FCC Begins Rulemaking to Develop Just and Reasonable Telecom Rates for Inmates 

By: Andy Regitsky

On January 5, 2023, President Biden signed into law the Martha Wright-Reed Just and Reasonable Communications Act of 2022 (Act), which expands the FCC’s authority over rates charged for telecom services provided to incarcerated people.  The Act is named after a woman (Martha Wright-Reed) who led a group of people seeking Commission action to make it easier to speak to their imprisoned loved ones. 

The Act requires the FCC to adopt just and reasonable rates and charges for the audio and video communications services offered to the incarcerated not earlier than 18 months and not later than 24 months after the date of its enactment.  In response, at its March meeting, the agency initiated a Notice of Proposed Rulemaking and Order (Notice and Order) in Dockets 23-62 and 12-375 which begins the process of implementing the Martha-Wright Reed Act. 

In the Notice of Proposed Rulemaking the FCC seeks industry comments on the following issues: 

The expansion of the Commission’s authority over incarcerated people’s communications services to include advanced communications services (including audio and video services) and intrastate services and to ensure that such incarcerated people do not pay unreasonably high rates and charges for, and in connection with, all such services 

What is fair compensation for providers serving prisons and jails?  While the Act requires that providers receive fair compensation for their telecom services provided, the FCC proposes to eliminate this requirement for every call.  Instead, the Commission proposes fair compensation for telecom providers would be based on the totality of service they provide. 

The meaning of “just and reasonable” in the context of the Act’s other provisions; The agency proposes to use the Telecom Act’s definition of “just and reasonable.”  Thus, section 201(b) requires that “[a]ll charges, practices, classifications, and regulations for and in connection with [interstate or foreign communication by wire or radio] shall be just and reasonable.”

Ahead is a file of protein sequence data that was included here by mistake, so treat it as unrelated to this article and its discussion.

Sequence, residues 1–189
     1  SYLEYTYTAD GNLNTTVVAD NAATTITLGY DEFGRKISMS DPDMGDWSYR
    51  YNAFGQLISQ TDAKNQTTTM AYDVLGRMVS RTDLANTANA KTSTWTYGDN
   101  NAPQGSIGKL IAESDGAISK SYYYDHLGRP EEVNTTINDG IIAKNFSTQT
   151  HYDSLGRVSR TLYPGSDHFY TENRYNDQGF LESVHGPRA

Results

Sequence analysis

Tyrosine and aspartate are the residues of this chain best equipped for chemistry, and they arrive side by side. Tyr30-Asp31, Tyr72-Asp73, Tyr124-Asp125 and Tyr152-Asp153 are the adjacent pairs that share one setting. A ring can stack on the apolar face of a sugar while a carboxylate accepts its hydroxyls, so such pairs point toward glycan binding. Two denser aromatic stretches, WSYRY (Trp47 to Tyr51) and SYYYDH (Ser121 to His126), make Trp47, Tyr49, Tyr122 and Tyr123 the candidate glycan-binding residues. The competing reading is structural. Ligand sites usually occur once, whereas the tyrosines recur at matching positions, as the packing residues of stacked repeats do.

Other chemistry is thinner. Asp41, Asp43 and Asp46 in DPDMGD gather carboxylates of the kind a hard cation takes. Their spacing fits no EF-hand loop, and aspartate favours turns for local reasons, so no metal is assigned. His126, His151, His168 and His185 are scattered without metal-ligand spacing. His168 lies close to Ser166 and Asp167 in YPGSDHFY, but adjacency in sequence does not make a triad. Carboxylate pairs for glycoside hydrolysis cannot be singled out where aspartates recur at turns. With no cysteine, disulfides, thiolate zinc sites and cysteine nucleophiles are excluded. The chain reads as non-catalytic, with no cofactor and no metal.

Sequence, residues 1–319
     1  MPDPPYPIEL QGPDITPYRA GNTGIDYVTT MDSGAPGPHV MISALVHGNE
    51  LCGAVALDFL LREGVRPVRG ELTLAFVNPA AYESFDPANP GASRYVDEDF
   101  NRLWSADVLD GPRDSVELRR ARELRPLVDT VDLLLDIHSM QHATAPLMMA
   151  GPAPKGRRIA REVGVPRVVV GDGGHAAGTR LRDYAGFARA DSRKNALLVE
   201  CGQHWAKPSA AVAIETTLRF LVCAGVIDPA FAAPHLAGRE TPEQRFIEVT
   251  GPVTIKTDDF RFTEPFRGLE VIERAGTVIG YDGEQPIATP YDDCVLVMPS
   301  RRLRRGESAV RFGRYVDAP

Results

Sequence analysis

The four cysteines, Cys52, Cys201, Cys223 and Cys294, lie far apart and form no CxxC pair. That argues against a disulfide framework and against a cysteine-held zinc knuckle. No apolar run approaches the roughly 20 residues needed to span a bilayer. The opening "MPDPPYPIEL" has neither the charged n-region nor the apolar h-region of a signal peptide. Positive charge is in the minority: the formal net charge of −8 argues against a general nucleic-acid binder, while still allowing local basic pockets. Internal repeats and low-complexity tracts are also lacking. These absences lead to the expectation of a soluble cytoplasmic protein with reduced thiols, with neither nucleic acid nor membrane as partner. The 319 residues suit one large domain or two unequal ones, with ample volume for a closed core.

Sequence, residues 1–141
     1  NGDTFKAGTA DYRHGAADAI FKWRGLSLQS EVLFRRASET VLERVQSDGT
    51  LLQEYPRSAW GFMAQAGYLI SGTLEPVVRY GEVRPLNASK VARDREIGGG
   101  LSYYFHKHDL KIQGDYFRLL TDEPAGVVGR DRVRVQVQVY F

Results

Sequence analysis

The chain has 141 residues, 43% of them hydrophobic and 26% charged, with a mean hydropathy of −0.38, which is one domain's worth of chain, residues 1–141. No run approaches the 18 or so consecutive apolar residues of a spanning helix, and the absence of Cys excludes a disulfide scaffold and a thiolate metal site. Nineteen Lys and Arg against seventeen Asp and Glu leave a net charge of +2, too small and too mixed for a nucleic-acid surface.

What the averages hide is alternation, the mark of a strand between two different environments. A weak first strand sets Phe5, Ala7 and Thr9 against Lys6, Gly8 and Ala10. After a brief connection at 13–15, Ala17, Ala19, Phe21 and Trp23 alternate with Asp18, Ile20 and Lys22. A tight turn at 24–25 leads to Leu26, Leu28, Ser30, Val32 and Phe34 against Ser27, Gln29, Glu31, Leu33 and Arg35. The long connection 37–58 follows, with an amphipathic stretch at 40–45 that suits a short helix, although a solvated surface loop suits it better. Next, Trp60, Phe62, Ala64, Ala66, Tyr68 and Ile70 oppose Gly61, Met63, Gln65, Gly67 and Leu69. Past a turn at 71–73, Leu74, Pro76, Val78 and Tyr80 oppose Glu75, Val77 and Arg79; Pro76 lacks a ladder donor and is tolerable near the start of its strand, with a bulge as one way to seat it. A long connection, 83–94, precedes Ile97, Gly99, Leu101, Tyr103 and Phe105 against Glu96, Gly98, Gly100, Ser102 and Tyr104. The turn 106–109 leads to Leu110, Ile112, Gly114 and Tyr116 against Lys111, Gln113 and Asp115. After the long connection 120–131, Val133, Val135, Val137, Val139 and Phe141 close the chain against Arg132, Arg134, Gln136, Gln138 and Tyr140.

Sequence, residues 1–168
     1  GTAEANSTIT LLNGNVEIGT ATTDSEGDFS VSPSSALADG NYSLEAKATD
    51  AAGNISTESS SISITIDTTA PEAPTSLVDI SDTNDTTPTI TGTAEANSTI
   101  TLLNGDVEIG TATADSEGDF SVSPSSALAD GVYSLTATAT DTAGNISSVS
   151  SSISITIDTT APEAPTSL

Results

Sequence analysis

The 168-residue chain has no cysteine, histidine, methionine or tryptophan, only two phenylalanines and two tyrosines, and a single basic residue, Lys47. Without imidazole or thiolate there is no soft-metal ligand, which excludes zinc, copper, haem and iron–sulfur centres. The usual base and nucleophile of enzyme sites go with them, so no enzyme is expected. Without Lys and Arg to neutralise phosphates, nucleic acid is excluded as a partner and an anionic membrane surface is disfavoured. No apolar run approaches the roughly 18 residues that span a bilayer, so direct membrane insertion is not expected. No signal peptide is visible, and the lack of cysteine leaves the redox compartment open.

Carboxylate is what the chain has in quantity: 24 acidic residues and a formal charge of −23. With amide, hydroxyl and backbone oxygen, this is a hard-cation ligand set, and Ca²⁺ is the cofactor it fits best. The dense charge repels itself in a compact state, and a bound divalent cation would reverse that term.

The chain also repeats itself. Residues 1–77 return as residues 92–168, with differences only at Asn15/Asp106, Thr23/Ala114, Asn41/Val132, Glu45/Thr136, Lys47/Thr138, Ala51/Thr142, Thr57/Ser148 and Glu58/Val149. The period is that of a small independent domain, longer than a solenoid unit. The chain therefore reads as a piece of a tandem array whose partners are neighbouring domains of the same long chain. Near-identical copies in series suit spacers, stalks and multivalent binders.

The appropriate rate-making approach given the Commission’s authority to compute just and reasonable rates; 

The FCC proposes to interpret “rates” to refer to the amounts paid by consumers of incarcerated people’s communications services for calls or other audio, or video communications covered by the Act or its rules. 

It proposes to interpret “charges” to refer to all other amounts assessed on consumers of incarcerated people’s communications services in connection with those services. These would include ancillary service charges, authorized fees, mandatory taxes and fees, and any other charges a provider may seek to impose on consumers of communications services for incarcerated people. 

The Commission proposes that telecom providers setting industry-wide rate caps or rate caps applying to groups of providers, as opposed to separate rates for individual providers, would be sufficient to “establish a compensation plan,” as required by the Act. 

It seeks comments on the safety and security costs necessary for telecom providers to provide services to incarcerated people; 

The Martha Wright-Reed Act states that the Commission “shall consider . . . differences in the costs . . . by small, medium or large facilities or other characteristics,” as part of its rate-setting process.  How should the Commission interpret this requirement?  

The Commission’s seeks to ensure that incarcerated people’s communications services are accessible to and usable by people with communication disabilities. 

Finally, in the Order, the Commission reaffirms its prior delegation of data collection authority to the Wireline Competition Bureau and the Office of Economics and Analytics and direct their staffs to initiate a collection of provider data to aid in implementing the Martha Wright-Reed Act.  These bureaus will revise the instructions and reporting template for the Annual Reports that all service providers are required to file each year to include the new data requirements. 

Industry comments on the Notice will be due 30 days after it appears in the Federal Register.